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Friday, August 07, 2009

My review of The Apothecary's Daughter by Julie Klassen

About the book:

Lillian Haswell, brilliant daughter of the local apothecary, yearns for more adventure and experience than life in her father's shop and their small village provides. She also longs to know the truth behind her mother's disappearance, which villagers whisper about but her father refuses to discuss. Opportunity comes when a distant aunt offers to educate her as a lady in London. Exposed to fashionable society and romance-as well as clues about her mother-Lilly is torn when she is summoned back to her ailing father's bedside. Women are forbidden to work as apothecaries, so to save the family legacy, Lilly will have to make it appear as if her father is still making all the diagnoses and decisions. But the suspicious eyes of a scholarly physician and a competing apothecary are upon her. As they vie for village prominence, three men also vie for Lilly's heart.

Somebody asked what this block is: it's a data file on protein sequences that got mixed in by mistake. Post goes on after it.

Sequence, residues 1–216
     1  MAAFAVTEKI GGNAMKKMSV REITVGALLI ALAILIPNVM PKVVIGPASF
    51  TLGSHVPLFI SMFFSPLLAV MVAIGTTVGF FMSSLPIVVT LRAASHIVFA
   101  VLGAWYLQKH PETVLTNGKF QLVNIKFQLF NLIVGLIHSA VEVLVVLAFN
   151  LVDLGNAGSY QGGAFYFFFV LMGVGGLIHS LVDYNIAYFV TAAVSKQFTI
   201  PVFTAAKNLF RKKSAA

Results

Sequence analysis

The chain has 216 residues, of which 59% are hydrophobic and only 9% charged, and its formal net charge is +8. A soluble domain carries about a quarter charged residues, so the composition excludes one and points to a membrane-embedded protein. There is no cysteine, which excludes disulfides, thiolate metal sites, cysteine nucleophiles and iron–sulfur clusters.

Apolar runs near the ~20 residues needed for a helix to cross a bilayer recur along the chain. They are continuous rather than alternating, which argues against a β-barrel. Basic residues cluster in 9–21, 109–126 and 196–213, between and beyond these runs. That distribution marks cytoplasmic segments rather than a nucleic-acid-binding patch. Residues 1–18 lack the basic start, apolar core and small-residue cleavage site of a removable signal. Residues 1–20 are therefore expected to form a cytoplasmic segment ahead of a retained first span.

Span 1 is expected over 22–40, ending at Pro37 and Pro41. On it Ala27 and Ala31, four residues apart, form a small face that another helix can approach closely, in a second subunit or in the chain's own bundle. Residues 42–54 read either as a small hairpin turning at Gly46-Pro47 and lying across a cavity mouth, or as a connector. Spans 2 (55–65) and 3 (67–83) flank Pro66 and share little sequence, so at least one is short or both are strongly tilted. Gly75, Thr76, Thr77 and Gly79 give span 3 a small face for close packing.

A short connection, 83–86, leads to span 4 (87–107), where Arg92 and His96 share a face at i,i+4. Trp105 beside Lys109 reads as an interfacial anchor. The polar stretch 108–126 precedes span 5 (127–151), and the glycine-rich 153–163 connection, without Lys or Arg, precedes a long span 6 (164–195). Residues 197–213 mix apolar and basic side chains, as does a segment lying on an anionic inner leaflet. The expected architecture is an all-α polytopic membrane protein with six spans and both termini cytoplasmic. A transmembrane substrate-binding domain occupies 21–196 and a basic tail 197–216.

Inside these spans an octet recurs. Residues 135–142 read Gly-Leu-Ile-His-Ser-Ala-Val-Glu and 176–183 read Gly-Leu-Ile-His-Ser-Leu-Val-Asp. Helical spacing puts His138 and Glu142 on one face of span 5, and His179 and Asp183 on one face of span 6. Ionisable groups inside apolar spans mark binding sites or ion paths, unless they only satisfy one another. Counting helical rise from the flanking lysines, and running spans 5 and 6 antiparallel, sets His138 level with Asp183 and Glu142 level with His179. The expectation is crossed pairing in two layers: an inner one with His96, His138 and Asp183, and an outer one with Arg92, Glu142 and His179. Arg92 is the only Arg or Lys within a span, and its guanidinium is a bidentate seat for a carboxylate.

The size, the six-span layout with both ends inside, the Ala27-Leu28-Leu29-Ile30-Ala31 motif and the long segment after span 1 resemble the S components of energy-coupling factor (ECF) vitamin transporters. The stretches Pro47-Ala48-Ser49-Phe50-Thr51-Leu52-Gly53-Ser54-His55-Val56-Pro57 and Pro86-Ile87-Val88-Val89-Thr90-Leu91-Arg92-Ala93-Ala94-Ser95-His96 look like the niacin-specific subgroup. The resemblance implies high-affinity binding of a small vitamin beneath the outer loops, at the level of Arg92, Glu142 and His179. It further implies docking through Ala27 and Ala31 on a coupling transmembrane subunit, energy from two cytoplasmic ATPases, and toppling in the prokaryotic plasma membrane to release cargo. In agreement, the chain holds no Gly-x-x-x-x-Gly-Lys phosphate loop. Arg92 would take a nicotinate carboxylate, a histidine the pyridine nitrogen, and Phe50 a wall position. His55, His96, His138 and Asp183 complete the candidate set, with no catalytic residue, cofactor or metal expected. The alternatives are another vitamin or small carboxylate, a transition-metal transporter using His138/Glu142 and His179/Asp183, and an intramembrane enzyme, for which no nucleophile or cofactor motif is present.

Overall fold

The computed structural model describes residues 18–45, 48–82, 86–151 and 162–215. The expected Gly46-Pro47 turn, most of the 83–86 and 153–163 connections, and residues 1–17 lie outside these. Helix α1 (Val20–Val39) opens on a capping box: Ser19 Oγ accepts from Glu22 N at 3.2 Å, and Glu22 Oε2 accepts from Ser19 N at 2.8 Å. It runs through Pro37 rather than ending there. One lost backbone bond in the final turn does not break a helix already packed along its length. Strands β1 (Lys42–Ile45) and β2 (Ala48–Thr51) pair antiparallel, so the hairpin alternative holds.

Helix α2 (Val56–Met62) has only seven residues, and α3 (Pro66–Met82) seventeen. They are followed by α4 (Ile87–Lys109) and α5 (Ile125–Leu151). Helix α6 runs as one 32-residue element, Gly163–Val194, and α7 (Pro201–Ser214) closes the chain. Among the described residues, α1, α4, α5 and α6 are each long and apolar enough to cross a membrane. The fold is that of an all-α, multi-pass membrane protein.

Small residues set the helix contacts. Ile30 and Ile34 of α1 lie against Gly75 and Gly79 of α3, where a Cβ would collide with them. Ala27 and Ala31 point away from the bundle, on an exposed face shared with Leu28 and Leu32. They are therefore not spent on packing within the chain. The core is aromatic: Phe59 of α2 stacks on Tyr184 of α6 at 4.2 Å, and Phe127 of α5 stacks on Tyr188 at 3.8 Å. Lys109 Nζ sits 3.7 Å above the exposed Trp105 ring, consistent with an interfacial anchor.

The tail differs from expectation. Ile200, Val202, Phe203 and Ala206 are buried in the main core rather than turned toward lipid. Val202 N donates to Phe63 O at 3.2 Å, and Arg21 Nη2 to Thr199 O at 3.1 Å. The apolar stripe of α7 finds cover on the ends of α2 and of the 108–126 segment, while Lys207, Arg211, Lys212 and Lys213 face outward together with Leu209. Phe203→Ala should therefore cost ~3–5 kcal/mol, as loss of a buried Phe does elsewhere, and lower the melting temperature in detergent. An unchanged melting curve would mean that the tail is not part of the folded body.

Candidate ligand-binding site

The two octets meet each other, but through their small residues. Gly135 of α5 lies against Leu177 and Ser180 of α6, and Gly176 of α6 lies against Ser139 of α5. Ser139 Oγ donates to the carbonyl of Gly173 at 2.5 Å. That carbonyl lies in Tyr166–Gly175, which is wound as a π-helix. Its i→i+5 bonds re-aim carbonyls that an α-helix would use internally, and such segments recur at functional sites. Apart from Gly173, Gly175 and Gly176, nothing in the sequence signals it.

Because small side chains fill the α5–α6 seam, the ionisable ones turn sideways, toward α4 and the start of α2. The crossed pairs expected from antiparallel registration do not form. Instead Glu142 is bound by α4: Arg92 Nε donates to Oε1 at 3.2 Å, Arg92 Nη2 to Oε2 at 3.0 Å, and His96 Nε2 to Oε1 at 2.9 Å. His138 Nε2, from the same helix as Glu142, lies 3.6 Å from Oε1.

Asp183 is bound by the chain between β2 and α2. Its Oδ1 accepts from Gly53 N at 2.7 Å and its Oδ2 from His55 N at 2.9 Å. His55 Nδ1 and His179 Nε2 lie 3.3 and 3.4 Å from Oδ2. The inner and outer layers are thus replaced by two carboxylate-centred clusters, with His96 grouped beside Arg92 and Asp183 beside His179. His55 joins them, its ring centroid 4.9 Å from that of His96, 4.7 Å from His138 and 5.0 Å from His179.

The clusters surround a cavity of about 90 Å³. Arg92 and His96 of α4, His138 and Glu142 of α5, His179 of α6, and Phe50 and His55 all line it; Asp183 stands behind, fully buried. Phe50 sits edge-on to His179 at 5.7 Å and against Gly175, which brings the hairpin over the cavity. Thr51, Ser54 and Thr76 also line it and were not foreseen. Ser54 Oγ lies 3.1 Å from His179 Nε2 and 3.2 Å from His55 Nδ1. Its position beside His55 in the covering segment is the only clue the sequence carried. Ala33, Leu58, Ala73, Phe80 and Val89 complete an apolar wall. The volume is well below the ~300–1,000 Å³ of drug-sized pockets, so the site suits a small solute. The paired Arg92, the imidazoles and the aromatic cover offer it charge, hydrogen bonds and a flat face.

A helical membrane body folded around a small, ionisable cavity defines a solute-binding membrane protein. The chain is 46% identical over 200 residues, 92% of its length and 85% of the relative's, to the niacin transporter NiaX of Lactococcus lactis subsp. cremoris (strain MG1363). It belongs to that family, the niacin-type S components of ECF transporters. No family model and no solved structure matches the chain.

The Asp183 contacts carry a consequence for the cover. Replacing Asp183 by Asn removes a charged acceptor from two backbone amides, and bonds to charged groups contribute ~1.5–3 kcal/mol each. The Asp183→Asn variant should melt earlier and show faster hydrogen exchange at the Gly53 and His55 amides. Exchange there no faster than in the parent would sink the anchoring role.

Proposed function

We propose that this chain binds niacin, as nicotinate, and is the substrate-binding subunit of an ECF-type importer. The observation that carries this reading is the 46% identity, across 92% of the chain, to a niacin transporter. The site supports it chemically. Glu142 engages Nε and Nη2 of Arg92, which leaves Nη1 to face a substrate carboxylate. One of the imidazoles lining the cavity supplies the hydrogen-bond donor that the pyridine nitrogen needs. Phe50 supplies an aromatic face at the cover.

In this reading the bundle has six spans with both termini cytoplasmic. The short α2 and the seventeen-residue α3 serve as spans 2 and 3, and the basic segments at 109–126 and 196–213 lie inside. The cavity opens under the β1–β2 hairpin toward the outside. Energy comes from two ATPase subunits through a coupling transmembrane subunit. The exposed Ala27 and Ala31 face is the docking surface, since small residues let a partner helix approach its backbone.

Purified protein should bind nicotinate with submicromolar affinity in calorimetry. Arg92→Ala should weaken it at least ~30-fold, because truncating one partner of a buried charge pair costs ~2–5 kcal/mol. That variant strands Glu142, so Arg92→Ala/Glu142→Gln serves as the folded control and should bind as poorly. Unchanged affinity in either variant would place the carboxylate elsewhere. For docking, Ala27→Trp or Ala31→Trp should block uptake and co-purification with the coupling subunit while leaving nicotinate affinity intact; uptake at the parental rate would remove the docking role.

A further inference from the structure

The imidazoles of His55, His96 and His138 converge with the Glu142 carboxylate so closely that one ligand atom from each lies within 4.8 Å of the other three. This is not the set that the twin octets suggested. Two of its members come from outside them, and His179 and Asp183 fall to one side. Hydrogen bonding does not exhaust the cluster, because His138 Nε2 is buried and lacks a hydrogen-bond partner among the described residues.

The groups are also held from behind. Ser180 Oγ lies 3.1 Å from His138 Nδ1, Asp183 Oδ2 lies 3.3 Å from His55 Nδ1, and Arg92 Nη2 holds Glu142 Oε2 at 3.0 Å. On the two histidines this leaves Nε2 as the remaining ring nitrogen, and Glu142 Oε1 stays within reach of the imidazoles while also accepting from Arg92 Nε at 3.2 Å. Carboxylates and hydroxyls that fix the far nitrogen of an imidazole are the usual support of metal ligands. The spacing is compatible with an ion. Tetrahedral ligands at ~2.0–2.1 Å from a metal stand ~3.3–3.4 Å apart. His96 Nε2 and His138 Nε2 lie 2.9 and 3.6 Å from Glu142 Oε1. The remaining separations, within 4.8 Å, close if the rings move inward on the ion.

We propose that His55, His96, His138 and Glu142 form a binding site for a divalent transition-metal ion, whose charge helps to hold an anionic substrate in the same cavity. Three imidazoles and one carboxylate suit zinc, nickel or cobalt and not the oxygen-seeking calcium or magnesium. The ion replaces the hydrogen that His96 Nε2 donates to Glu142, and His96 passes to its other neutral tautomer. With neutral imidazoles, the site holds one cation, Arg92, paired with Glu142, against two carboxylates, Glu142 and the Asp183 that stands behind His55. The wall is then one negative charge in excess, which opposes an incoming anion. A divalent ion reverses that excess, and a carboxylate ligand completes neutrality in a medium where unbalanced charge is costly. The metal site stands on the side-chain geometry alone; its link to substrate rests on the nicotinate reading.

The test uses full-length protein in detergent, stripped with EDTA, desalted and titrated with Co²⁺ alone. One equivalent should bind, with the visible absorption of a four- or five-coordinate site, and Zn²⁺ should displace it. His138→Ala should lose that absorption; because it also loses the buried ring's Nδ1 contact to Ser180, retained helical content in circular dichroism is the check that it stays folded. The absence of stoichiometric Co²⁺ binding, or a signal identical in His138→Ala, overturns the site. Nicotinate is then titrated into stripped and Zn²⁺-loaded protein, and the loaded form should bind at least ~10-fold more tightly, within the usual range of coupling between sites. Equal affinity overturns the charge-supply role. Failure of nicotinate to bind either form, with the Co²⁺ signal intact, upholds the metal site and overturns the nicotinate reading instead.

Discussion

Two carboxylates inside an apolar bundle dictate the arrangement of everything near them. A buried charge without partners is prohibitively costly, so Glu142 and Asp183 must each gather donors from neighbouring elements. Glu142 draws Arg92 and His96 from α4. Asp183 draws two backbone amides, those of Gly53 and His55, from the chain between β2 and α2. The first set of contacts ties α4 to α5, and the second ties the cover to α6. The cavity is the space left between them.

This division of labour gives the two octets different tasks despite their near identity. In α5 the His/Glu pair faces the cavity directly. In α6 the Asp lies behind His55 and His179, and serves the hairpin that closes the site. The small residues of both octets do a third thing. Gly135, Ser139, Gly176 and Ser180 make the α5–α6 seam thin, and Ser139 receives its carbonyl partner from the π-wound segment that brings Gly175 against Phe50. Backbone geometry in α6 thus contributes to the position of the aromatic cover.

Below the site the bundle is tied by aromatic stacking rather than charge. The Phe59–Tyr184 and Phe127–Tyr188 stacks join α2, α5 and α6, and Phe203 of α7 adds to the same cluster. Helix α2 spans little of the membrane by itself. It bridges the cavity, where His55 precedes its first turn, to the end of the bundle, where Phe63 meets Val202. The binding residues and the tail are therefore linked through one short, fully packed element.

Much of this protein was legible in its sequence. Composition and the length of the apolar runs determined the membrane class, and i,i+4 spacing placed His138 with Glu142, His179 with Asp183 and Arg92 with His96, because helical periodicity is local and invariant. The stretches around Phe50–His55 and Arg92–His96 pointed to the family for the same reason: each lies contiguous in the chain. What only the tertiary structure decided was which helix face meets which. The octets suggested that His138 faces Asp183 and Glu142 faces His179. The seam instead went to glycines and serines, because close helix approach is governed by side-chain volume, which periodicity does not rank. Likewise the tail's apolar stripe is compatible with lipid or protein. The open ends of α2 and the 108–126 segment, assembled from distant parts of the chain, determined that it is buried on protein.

My review:

Finally got a chance to read this book and it was wonderful, as expected. I enjoyed the fact that there were so many subplots to keep my attention. And I loved that the author had me guessing for a good portion of the book in regards to the young woman's future.

The title of this book fits the story perfectly. It has a bittersweet meaning that only someone who is really "into" the story would understand. I almost felt like I was watching a movie play out on the big screen because the details were so vivid. Some were so vivid, in fact, that they made me shudder. It was a bad idea for me to read that leaching scene right before I went to bed. You can imagine why.

I didn't envy the decisions the heroine needed to make. I also found the peculiarities regarding her brother's behavior intriguing. Since I have clients with similar diagnoses, I thought the author did a great job portraying the particulars of someone with his limited abilities. It was good to see an accurate portrayal of two people with special needs that were not immediately tucked away in asylums as was the trend back in that era. Fans of Regency romances should really enjoy this book.

The Apothecary's Daughter was published by Bethany House and released in January 2009.

1 comment:

Martha A. said...

I actually really enjoyed the Lady of Milkweed Manor more than this one, even though it was more sad. But this was a good book, I was so confused as to who she should marry at some points in the book!

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